HOUSTON – Kyle Shanahan will not be able to bring his Atlanta Falcons players -- or many of them, anyway -- with him to his next job as coach of the 49ers.
But he will bring a unique artistry of offense that should enable him to quickly adapt to the roster he will build along with 49ers general manager John Lynch.
As the Falcons continue preparations to face the New England Patriots on Sunday in Super Bowl 51, an assistant coach who was with Shanahan at previous stops in Houston and Washington marvels at Shanahan’s well-rounded ability to scheme during the week and push the right buttons on game days.
“I’ve never been around a guy who’s as impressive in the run game as the pass game,” Falcons quarterback coach Matt LaFleur told CSNBayArea.com on Wednesday.
“Usually, you have your specialty. You’re a passing guy or a run-game guy. He is off the charts in both areas, and I think that’s what makes him so special. It really helps him as he calls a game. He knows how things tie together.”
Under Shanahan, the Falcons led the league in total offense with 457.5 yards per game during the regular season. Quarterback Matt Ryan’s game soared. The favorite to win league MVP threw 38 touchdowns, seven interceptions and led the league with an astronomical passer rating of 117.1.
The Falcons also were fifth in the NFL in rushing, averaging 100 yards per game.
Running backs coach Bobby Turner spent 15 seasons on Mike Shanahan’s staff with the Denver Broncos. During that time, Shanahan’s run game produced eight of the top 11 single-season rushers in Broncos history. During that time, five different running backs rushed for more than 1,100 yards.
Kyle Shanahan’s design for the run game run game is rooted in what his father did with the Broncos’ zone scheme.
“It’s similar, but every coach and every person has his own stamp,” Turner said. “The bottom line, everyone says it’s the zone principle. But what is the zone? There’s outside zone, inside zone. There’s a stretch. You can have different coaches who work together have different philosophies. Overall, yeah, it’s the same, but Kyle has his own stamp.”
Turner said Kyle Shanahan will use the run game to set up big plays down the field – a goal that’s obviously easier to accomplish with a wide receiver such as Julio Jones lining up outside.
“At times, you can’t run it if they put eight or nine in the box,” Turner said. “It’s tough to run the ball. We might only get a yard on that play. But by doing that, being consistent and continually trying to run the ball, you exploit them through the air with the play-action game.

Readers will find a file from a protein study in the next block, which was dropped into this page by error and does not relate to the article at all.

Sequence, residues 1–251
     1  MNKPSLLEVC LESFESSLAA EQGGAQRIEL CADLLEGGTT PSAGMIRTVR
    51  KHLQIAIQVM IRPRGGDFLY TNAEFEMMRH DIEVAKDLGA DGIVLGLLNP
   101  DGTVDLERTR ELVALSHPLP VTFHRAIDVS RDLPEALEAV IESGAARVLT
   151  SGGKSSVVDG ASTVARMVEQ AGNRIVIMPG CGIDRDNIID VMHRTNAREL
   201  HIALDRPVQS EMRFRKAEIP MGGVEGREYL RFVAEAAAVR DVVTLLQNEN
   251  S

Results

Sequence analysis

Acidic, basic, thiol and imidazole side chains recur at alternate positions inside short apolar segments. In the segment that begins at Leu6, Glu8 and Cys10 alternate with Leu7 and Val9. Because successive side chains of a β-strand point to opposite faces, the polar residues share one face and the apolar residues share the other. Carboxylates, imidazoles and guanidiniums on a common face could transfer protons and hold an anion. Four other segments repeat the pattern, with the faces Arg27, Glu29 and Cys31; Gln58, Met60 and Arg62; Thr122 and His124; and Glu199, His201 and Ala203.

“Yes, it’s the same philosophy but when it comes down to it, we have players and his ability to put our players in position to make the big plays, he is awesome at doing that.”
One league source described how Shanahan is a master at studying the opposition to find the weak link in a defense. The Falcons set an NFL record with 13 different pass-catchers scoring touchdowns. Shanahan will use formations and motion to isolate the defender in a favorable matchup for his offense. Shanahan seems to thrive on third downs, in particular.
When the Falcons advanced to the Super Bowl with a 44-21 rout of the Green Bay Packers, Shanahan exploited the Packers’ coverage scheme for a remarkable 10-of-13 success rate on third downs.
“He’s got an uncanny ability and a great vision of how to maximize the potential of his players and put them in a position to be successful,” LaFleur said.
“We’re always trying to manipulate leverage or try to isolate some matchups and the best way to do that is to move guys in position, whether it’s motion or whatever, to really have success.”
Shanahan might have met his match against the Patriots. In addition to Bill Belichick’s well-documented defensive acumen, New England has added brain power in defensive coordinator Matt Patricia, who chose a career in coaching over aeronautical engineering.
In other words, Shanahan will be playing chess against an actual rocket scientist.
“The tempo of their offense, the speed of what they do, all that stuff, it’s a huge challenge for us to get used to,” Patricia said. “When you see an offense that’s as good as this is and you haven’t seen them live, then it’s a whole different ball game when you step into that arena and you’re actually seeing the speed, the quickness and the tempo that they play with.”